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Friday, 20 January 2017

Pekingese

Pekingese dogs were sacred to the emperors of China for more than 2,000 years. They are one of the oldest breeds of dogs in the world.

The Pekinese is believed to have originated in China in the 8th century. An ancient Chinese legend states that they are the product of a cross between a marmoset monkey and a lion, who begged Ah Chu, the patron saint of animals, to reduce him in size so that he could marry his monkey love.

Pekingese were palace guards and companions, and the smaller specimens were carried in the flowing sleeves of their owners.


Because the Pekingese was believed to have originated from the Buddha, they were a temple dog.
The Pekingese were proud companions of the Chinese Buddhist monks

They are mentioned in the writings of Confucius and dogs of similar type appear in bronze statues and other Chinese works of art dating to before the Christian era.

The Pekingese was called also foo dog by Chinese, who carved little replicas of these dogs out of ivory, bronze, and wood as a way to ward off evil spirits.

It was also called lion dog or sun dog because of their abundant ruffs.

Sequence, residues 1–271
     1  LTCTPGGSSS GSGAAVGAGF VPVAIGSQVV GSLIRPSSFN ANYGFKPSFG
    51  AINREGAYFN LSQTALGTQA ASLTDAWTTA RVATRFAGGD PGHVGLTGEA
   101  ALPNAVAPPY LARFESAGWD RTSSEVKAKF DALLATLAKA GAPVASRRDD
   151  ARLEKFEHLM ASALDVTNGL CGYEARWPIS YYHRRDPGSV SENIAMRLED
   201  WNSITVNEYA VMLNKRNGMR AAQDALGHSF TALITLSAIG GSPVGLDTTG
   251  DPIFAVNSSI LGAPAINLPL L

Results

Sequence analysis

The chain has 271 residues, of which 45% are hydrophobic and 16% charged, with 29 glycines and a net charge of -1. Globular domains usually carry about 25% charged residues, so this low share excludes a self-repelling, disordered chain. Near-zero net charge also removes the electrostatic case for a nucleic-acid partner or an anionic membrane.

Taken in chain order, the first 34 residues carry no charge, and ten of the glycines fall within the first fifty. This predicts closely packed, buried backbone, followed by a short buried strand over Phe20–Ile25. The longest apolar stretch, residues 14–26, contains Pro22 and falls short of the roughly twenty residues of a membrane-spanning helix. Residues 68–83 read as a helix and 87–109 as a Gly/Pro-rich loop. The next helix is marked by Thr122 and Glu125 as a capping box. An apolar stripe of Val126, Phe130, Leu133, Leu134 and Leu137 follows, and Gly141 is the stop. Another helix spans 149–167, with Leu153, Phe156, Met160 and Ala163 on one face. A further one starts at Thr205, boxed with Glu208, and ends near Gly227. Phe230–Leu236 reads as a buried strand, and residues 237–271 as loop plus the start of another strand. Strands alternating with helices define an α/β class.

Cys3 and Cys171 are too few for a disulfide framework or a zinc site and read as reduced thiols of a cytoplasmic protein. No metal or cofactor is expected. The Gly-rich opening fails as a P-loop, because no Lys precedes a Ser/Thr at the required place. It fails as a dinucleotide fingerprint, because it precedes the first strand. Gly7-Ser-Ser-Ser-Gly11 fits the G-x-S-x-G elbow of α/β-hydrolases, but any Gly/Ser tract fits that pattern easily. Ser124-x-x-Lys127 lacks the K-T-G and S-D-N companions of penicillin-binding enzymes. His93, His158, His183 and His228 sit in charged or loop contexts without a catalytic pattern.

The Pekingese reached their peak in popularity during the reign of the last Manchu Empress, Tzu Hsi, the Chinese empress dowager and regent who effectively controlled the Chinese government in the late Qing dynasty from 1861 until her death in 1908. The Empress decreed the rules that governed the breeding of her Pekingese, and these rules, called the Pekinese Pearls, formed the basis for the first breed standard worldwide.

White-cream Pekingese with black mask

The Pekingese were not known outside China until 1860, when British soldiers stormed the Summer Palace at Beijing during the Second Opium War. Most of the Pekingese present were killed to prevent the "devils" getting them, but the soldiers managed to save five, who were guarding the dead body of the Chinese Emperor's aunt. The faithful little Pekingese were brought to England.

A Pekingese was given to Queen Victoria who named it Looty. Two each were also given to the Duchess of Richmond and the Duchess of Wellington. Interest in the breed grew, but it wasn't until 1890 that more dogs began to be brought to England.

The first Pekingese exhibit was shown in Chester Show in England, in 1894 by Mrs Loftus Allan.

The Empress Dowager Cixi gave Pekingese as gifts to several Americans, including Alice Lee Roosevelt Longworth, daughter of Theodore Roosevelt, who named it Manchu.

One of the occupants of the lifeboats of the RMS Titanic was a Pekingese dog called Sun Yat Sen

The Pekingese should not be kept outside, as having flattened faces and noses can cause them to develop breathing problems, making it difficult for them to regulate their body temperature in overly hot or cold weather.

Sources Europress Encyclopedia, Comptons Encycopedia

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